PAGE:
"You have to include the entire solar system in your calculation"
Cartesius and the white dwarfs
Why is it that the surface of a white dwarf star contains so many heavy metals? To answer that question, professor of computational astrophysics Prof Simon Portegies Zwart and his PhD students had to simulate the entire solar system. The project is both an astronomical and computational challenge.
Asteroids in our solar system
Our solar system consists of a star (the sun), a small number of planets and a few hundred thousand debris: asteroids. "These are chunks of rock a few kilometres in diameter with their own orbit around the sun," says Portegies Zwart (Leiden University). "Because of gravity, those chunks interact with each other. Asteroids have very weak gravity, but in space it still plays a role. Especially if they have orbits that make them close to each other, that gravity is important."
Limits of the computer
Researchers wanting to calculate asteroid interactions face a huge problem of scale, both in space and time. "After all, you have to include the entire solar system in your calculation," Portegies Zwart explains. "At the same time, with collisions you are talking about a scale of several kilometres. In time, on the one hand you have the lifetime of the solar system: 4.5 billion years. But an encounter between two asteroids takes place on a time scale of about 10 seconds. With that, you run into the limits of what a computer can process."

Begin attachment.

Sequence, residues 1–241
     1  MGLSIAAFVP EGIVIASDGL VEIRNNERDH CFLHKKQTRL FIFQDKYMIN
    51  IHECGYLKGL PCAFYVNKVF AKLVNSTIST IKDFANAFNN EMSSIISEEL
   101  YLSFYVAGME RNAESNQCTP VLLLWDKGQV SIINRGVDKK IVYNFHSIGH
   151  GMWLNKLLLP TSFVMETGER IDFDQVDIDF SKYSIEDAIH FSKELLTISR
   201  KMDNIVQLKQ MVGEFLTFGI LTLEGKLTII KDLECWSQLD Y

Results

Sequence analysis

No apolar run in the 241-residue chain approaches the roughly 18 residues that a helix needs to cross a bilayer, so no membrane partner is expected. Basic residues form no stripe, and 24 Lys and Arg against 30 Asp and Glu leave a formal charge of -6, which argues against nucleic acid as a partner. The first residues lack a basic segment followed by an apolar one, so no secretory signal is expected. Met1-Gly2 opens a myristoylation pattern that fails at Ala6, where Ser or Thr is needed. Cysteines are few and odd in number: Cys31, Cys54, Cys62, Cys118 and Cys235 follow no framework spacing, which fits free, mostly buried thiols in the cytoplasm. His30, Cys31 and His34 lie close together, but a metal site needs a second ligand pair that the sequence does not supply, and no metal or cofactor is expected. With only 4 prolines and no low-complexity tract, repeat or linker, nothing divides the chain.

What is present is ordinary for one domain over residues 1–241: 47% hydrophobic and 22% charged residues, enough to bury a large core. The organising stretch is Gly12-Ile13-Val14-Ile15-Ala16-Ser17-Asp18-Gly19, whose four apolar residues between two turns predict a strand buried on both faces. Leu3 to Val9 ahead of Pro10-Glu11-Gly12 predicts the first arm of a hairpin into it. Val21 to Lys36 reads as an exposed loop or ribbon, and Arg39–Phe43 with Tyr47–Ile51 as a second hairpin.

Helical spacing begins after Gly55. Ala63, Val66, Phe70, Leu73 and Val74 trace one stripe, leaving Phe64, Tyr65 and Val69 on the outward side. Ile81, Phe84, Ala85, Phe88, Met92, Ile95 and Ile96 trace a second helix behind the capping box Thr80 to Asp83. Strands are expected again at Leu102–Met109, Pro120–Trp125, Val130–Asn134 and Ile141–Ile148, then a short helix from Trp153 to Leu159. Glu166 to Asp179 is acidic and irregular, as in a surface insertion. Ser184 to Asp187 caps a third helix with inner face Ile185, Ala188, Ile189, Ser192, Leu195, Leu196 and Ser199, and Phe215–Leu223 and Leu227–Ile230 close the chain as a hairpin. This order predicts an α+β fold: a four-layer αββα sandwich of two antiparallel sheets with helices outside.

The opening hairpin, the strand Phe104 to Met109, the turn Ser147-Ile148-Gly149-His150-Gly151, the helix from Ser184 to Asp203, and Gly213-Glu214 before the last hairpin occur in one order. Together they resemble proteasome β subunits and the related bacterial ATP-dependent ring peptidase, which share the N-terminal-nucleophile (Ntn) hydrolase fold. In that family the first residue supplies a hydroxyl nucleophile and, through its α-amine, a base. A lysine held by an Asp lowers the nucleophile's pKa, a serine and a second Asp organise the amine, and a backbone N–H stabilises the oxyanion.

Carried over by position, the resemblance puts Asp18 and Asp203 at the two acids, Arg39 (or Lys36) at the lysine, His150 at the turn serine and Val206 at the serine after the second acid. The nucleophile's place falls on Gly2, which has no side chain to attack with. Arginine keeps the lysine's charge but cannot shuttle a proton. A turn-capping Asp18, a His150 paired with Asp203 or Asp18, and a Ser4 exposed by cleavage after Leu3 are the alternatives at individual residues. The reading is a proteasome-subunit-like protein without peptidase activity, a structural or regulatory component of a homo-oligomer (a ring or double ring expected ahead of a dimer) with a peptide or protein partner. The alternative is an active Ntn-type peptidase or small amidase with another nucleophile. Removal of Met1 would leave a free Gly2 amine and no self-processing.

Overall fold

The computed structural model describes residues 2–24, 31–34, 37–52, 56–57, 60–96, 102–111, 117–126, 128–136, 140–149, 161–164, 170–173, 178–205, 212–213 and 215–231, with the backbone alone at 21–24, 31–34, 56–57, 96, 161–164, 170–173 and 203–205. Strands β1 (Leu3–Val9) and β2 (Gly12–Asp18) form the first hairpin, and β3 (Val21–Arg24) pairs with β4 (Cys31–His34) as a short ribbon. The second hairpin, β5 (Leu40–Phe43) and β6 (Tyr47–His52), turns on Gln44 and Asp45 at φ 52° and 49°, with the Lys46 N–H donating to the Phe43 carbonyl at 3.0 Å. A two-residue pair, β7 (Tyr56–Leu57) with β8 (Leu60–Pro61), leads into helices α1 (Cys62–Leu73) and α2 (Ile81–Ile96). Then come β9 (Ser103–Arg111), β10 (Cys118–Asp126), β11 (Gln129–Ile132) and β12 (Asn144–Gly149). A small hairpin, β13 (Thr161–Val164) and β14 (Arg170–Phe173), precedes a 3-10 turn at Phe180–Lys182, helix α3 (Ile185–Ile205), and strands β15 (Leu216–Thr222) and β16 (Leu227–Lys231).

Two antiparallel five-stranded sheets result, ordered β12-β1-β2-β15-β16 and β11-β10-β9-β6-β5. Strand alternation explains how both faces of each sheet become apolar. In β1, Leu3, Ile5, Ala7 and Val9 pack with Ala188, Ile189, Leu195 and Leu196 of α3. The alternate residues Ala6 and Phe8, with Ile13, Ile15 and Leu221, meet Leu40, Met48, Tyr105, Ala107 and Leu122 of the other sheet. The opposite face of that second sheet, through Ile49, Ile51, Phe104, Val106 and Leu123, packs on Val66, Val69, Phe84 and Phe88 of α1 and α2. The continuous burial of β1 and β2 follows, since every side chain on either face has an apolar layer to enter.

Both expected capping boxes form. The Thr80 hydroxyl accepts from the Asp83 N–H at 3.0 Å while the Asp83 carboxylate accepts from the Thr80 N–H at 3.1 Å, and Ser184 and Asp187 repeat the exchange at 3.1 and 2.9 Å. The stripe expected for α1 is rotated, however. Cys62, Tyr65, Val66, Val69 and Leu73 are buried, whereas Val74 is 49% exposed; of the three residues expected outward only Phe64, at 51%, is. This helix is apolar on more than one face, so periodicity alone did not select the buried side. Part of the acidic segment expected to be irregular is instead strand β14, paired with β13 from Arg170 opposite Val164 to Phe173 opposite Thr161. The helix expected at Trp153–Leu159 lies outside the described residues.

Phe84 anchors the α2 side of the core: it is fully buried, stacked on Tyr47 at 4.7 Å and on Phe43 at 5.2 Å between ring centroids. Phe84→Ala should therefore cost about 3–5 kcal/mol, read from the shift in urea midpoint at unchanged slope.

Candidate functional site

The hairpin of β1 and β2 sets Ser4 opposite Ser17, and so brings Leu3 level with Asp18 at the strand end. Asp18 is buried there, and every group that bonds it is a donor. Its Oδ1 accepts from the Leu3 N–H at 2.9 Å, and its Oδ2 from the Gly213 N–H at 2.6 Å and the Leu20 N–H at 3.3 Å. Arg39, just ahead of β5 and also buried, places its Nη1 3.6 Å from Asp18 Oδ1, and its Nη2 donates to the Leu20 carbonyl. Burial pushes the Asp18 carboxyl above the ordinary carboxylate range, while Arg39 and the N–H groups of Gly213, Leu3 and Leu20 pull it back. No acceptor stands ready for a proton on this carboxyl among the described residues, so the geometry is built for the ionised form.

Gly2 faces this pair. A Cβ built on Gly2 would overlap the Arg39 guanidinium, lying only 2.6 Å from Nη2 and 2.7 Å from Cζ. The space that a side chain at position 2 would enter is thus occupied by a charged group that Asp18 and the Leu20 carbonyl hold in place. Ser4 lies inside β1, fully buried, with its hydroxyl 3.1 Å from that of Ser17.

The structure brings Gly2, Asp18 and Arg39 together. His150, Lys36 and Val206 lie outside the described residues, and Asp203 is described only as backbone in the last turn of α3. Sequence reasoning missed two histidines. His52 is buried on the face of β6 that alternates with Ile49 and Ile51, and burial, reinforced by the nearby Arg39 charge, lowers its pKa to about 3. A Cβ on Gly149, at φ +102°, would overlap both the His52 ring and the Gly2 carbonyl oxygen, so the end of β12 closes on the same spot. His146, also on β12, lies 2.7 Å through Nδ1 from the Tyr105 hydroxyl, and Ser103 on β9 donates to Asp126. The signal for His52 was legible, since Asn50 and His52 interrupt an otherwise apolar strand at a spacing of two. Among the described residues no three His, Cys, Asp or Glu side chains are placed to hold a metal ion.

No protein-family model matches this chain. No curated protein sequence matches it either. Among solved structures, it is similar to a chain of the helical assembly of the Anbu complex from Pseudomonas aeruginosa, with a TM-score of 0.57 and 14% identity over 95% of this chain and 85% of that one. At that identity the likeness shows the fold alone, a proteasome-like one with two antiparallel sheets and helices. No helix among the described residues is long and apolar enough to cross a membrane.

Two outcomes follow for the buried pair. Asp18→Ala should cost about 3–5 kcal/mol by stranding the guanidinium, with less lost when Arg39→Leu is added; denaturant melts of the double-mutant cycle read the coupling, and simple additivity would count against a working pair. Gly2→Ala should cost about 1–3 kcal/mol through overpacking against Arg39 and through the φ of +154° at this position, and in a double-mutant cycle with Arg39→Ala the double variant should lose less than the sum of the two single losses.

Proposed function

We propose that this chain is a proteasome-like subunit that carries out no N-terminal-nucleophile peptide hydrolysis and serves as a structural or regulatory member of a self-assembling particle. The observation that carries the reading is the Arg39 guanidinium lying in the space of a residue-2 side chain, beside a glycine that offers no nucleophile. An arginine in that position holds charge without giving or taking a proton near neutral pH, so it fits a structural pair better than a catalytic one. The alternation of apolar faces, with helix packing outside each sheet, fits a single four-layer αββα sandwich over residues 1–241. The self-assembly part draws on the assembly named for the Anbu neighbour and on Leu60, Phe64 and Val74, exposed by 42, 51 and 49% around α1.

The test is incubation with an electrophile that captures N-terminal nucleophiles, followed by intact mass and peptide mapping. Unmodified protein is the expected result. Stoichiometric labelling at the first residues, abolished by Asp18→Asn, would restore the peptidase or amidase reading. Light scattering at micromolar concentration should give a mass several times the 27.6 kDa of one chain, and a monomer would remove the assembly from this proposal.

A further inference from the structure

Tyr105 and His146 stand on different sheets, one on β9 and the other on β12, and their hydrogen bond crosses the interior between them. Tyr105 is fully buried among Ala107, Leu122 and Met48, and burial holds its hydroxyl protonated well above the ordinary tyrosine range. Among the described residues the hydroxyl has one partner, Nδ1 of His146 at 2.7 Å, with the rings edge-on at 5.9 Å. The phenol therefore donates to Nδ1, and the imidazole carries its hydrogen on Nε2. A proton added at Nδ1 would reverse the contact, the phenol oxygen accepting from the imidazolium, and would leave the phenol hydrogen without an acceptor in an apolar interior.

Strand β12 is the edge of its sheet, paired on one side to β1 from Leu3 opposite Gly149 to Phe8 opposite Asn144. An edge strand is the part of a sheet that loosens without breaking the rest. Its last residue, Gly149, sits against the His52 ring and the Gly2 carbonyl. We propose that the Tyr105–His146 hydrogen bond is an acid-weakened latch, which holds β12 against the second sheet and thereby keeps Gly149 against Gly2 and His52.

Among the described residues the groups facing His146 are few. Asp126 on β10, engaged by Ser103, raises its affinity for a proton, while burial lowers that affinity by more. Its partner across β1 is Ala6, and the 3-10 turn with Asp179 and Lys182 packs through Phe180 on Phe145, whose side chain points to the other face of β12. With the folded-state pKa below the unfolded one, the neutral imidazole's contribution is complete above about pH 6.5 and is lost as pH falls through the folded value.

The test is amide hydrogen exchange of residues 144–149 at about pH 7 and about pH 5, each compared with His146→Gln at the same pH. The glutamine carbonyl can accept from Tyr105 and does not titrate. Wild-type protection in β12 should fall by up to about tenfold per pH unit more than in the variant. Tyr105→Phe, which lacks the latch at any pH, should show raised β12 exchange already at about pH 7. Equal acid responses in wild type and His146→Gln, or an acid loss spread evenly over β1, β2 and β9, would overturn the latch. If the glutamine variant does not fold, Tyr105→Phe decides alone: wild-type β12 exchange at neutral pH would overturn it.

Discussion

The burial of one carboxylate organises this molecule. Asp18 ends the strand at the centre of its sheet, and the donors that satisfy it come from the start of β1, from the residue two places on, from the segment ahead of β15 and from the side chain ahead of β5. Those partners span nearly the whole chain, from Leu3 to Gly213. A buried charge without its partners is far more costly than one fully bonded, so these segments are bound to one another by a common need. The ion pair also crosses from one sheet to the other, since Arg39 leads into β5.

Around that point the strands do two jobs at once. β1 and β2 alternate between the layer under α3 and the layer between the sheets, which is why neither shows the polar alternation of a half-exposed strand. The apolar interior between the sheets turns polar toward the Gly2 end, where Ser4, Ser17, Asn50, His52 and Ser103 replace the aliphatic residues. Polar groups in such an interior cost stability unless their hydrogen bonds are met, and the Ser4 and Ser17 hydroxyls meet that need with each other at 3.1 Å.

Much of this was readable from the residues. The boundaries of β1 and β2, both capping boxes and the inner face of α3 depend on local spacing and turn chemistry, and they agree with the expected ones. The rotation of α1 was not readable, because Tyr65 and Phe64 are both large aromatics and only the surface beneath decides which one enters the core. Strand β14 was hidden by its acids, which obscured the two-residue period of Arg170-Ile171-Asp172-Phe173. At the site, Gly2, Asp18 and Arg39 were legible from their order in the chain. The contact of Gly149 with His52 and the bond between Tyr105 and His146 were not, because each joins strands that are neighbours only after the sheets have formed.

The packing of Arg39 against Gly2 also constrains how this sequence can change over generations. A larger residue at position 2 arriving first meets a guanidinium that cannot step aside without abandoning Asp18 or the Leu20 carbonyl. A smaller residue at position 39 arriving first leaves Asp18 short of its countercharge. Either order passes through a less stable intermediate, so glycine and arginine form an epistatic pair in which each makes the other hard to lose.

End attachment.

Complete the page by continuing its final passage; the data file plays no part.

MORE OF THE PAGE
Collision with star
With this research, Portegies Zwart's research group has two objectives, one astronomical and one computational: "We are looking at white dwarfs, embers of stars. It turns out that their surface is very rich in certain heavy metals, such as iron, tin and lead. These should actually have sunk into that star long ago. One possible explanation is a constant influx of heavy metals from space. Those asteroids could be responsible for that: either they collide directly with the star, or they collide with each other and the grit then rains down on the star. We are investigating that."
"We have been able to scale the code and run it efficiently on the supercomputer"
The computational objective is that the researchers want to compute this as efficiently as possible using the power of a supercomputer. "We have been able to scale the code and run it very efficiently on the supercomputer," says Portegies Zwart. "That is now working, so now we can start working on the astronomical questions. That is long-term research, we are currently working on a calculation that has been running for almost a year."
All-round HPC centre
Portegies Zwart finds SURF a nice institution to work with: "They are fast, responsive and they have expertise on the equipment. I also rely a lot on big supercomputers abroad, but SURF is one of the nicest institutes to work with. It is an all-round high-performance computing centre. Precisely what surrounds it - the support - is very important to me. Just putting up a fast machine is not enough."